A September 2023 paper in The Journal of Headache and Pain (7) found: “For acute treatment, the main problems are treatment response, availability, costs and, for triptans, contraindications and the maximum use allowed. Intermediate treatment with steroids and greater occipital nerve blocks is effective but cannot be used continuously. Preventive treatment is sparsely studied and overall limited by relatively low efficacy and side effects.”

Vitamins and Herbs? Do they help patients with chronic migraine? Is it a Lack of Sunshine?

We are big proponents for the use of nutrition in healing the body but we have to be realistic. Vitamins and diet can help, they may help a lot, but they may not help at all.

A July 2018 study in the International Journal of Clinical Practice (8) found that when compared with placebo, melatonin did not reduce the number of daily attacks. The good news was that when people took melatonin, it helped reduce daily painkiller analgesic consumption.

A January 2019 study in the journal Medicine, (9) was a little more optimistic if cautiously so. The researchers found that melatonin is very likely to benefit the prevention of migraines, BUT, it takes three months of consumption of melatonin to see benefits, and how much benefit is found is debatable.

A November 2022 study in the Journal of Oral & Facial Pain and Headache (10) suggested that “Melatonin showed a beneficial prophylactic role in migraine, with a better responder rate in comparison to placebo in reducing migraine severity, mean attack duration, mean attack frequency, and analgesic use . . . ”

Vitamin D

In The Journal of Headache and Pain, (11) researchers at Hallym University College of Medicine in Korea suggested that cluster headache attacks may be related to sunlight and vitamin D metabolism. They wrote: “Vitamin D deficiency is common in patients with cluster headache, but the role of vitamin D deficiency is uncertain, except for its seasonal influence (a lack of sunshine).”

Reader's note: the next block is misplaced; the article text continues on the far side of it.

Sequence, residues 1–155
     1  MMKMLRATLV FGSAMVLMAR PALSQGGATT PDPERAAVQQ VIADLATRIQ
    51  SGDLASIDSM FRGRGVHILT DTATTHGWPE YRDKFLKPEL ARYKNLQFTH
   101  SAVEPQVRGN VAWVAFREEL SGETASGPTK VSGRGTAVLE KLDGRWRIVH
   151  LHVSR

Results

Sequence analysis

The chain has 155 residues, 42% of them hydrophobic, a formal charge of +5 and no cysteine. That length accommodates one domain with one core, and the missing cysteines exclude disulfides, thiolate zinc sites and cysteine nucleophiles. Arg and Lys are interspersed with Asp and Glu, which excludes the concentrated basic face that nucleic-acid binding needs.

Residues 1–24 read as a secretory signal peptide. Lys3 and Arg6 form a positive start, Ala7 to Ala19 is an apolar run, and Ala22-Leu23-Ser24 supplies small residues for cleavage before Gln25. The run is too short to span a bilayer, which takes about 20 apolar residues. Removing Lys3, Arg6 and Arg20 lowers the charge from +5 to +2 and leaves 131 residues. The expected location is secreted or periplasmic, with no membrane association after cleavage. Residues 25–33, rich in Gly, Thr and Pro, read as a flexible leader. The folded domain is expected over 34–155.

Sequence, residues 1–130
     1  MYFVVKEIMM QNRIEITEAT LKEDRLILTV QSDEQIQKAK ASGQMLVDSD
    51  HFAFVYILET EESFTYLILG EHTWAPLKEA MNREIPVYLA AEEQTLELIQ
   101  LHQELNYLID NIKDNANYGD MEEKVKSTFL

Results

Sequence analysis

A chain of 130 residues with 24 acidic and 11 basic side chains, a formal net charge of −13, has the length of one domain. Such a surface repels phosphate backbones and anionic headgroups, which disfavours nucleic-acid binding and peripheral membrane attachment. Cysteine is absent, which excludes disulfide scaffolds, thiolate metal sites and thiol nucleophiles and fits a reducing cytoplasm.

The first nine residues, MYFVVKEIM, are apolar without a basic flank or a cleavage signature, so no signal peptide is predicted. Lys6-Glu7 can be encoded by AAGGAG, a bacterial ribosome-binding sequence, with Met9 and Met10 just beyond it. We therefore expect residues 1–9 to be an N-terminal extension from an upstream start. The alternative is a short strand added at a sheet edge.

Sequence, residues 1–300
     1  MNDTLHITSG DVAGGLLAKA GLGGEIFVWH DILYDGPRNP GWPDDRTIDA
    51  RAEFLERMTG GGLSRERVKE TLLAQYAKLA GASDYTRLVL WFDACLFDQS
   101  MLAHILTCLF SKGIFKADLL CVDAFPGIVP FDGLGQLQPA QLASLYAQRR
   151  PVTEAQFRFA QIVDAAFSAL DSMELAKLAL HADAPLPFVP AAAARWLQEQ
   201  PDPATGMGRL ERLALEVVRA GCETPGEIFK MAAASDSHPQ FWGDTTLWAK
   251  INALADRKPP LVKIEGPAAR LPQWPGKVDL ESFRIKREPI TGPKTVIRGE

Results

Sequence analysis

A December 2023 study in the Journal of Clinical Pharmacology (12) suggested alpha-lipoic acid (ALA) may have potential benefits as a prophylactic agent for adolescent migraine, with fewer adverse events than existing medications.

References

1 Choong CK, Ford JH, Nyhuis AW, Joshi SG, Robinson RL, Aurora SK, Martinez JM. Clinical characteristics and treatment patterns among patients diagnosed with cluster headache in US healthcare claims data. Headache: The Journal of Head and Face Pain. 2017 Oct;57(9):1359-74. [Google Scholar]
2 Grazzi L, Grignani E, D’Amico D, Sansone E, Raggi A. Is Medication Overuse Drug Specific or Not? Data from a Review of Published Literature and from an Original Study on Italian MOH Patients. Current pain and headache reports. 2018 Nov 1;22(11):71. [Google Scholar]
3 D’Amico D, Grazzi L, Guastafierro E, Sansone E, Leonardi M, Raggi A. Withdrawal failure in patients with chronic migraine and medication overuse headache. Acta Neurologica Scandinavica. 2021 Oct;144(4):408-17. [Google Scholar]
4 Ichikawa M, Katoh H, Kurihara T, Ishii M. Clinical response to valproate in patients with migraine. Journal of Clinical Neurology. 2016 Oct 1;12(4):468-75. [Google Scholar]
5 Stubberud A, Flaaen NM, McCrory DC, Pedersen SA, Linde M. Flunarizine as prophylaxis for episodic migraine: a systematic review with meta-analysis. Pain. 2018 Dec. [Google Scholar]
6 D’Amico D, Grazzi L, Guastafierro E, Sansone E, Leonardi M, Raggi A. Withdrawal failure in patients with chronic migraine and medication overuse headache. Acta Neurologica Scandinavica. 2021 May 25. [Google Scholar]
7 Lund NL, Petersen AS, Fronczek R, Tfelt-Hansen J, Belin AC, Meisingset T, Tronvik E, Steinberg A, Gaul C, Jensen RH. Current treatment options for cluster headache: limitations and the unmet need for better and specific treatments—a consensus article. The Journal of Headache and Pain. 2023 Sep 4;24(1):121. [Google Scholar]
8 Leite PR, de Oliveira CL, Adriano LF, Luiza CM, Vianna PD, Riera R. Melatonin for preventing primary headache: A systematic review. International journal of clinical practice. 2018 May 24:e13203. [Google Scholar]
9 Long R, Zhu Y, Zhou S. Therapeutic role of melatonin in migraine prophylaxis: A systematic review. Medicine. 2019 Jan 1;98(3):e14099. [Google Scholar]
10 Sohn JH, Chu MK, Park KY, Ahn HY, Cho SJ. Vitamin D deficiency in patients with cluster headache: a preliminary study. The journal of headache and pain. 2018 Dec;19(1):54. [Google Scholar]
11 Puliappadamb HM, Maiti R, Mishra A, Jena M, Mishra BR. Efficacy and Safety of Melatonin as Prophylaxis for Migraine in Adults: A Meta-analysis. Journal of Oral & Facial Pain and Headache. 2022;36(3-4). [Google Scholar]
12 Puliappadamb HM, Satpathy AK, Mishra BR, Maiti R, Jena M. Evaluation of Safety and Efficacy of Add‐on Alpha‐Lipoic Acid on Migraine Prophylaxis in an Adolescent Population: A Randomized Controlled Trial. The Journal of Clinical Pharmacology. 2023 Dec;63(12):1398-407. [Google Scholar]